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Kenya urged to adopt sustainable building materials

The use of brick and mortar in housing construction is expensive and as such has denied Kenya and other African countries the impetus to build million of houses needed to address housing shortage

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Kenya has been advised to adopt use of sustainable building materials that are more cost effective and environmental friendly.

National construction Authority Director Daniel Manduku says the use of sustainable building materials will help to achieve sustainable development goals needed for growth in Kenya and Africa at large.

Speaking at the LafargeHolcim Awards in Kenyan capital Nairobi Mr Manduku exuded confidence that the  proposed Building Code Bill awaiting debate in parliament will allow for a review of construction materials used locally(in Kenya) in favor of more versatile products.

The law seeks to allow the use of more sustainable building materials such as straw, bamboo or clay as  construction materials.

The use of brick and mortar in housing construction is expensive and as such has denied Kenya and other African countries the impetus to build million of houses needed to curb housing shortage in the country.

The LafargeHolcim award which is organised by the LafargeHolcim Foundation seeks to recognize sustainable construction concepts and it is the most significant global competition in sustainable design.
This year’s award ceremony was the first time Nigeria was taking part as a country.
Folashade Ambrose-Medebem, director communications, Public Affairs and Sustainable Development at Lafarge Africa Plc. noted that Nigeria is home to some of Africa’s fastest growing cities hence the need for sustainable building concepts.


“The combined population of Nigeria’s fastest growing cities: Abuja, Benin City, Ibadan, Kaduna, Kano, Lagos, Onitsha and Port Harcourt is expected to swell to 54million by 2030, according to UN Habitat,”she added.

LafargeHolcim Foundation believes that the adoption of sustainable building materials can play a major role in making housing more affordable in Africa.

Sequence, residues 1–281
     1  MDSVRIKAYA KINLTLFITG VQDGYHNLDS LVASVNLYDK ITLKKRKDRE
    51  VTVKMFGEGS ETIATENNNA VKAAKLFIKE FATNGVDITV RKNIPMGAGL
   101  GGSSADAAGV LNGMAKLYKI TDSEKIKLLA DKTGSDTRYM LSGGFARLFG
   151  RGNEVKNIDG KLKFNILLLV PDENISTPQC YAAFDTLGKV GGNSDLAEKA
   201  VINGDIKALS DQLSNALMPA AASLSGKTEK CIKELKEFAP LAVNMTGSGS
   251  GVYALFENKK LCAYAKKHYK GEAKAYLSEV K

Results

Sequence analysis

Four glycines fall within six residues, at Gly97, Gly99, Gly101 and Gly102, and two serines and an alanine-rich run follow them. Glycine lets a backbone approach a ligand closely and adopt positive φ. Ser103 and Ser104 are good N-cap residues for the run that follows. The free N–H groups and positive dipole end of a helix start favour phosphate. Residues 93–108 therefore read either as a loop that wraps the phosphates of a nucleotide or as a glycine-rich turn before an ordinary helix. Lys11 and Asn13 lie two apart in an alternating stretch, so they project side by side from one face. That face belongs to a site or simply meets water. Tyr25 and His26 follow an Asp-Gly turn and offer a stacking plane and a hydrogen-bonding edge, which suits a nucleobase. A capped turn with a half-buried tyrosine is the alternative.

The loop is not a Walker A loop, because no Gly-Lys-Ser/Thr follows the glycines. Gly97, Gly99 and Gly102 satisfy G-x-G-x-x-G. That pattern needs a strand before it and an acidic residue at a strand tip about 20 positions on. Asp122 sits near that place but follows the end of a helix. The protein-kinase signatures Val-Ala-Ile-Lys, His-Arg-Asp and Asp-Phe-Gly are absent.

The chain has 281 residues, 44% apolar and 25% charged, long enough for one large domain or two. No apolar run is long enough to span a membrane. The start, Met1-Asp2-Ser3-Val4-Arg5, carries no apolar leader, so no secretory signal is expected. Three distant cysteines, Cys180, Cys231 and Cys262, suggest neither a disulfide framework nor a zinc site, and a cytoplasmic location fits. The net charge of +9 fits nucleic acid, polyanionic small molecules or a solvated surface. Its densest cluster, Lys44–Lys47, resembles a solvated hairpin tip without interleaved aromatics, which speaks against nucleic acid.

The regional winners in three categories including Main, Next Generation and Focus were awarded a total of $330,000. Over all, the company has awarded $2 million in prize money in each three-year circle.

Yasaman Esmaili, founder of Studio Chahar, was scooped The Gold Regional Award. The company builds smart affordable homes.

Together with co-founder Mariam Kamara they were recognised for their developmental project that aims to create a platform for passing on knowledge to the inhabitants of the region around Dandaji Village in Niger.

The Silver 2017 Middle East Africa award went to Fatima-azzahra Bendahmane, founder of Ecoactiva, in Casablanca, Morocco for an elementary school and craft training centre in Morocco.

Meanwhile the Bronze 2017 Middle East Africa went to Joana Dabaj (Tripoli), Riccardo Conti; Matteo Zerbi, and team from London for adaptive reuse for refugee education in El Marj, Lebanon.

During this year’s competition, Kenya had 22 participants up from 8 in 2014. The main category of the competition was open to among others architects, project owners, building and construction firms.

However none qualified for the top awards.  Project Participants addressed innovation and transfer ability, social participation, economic viability as well as environment performance.

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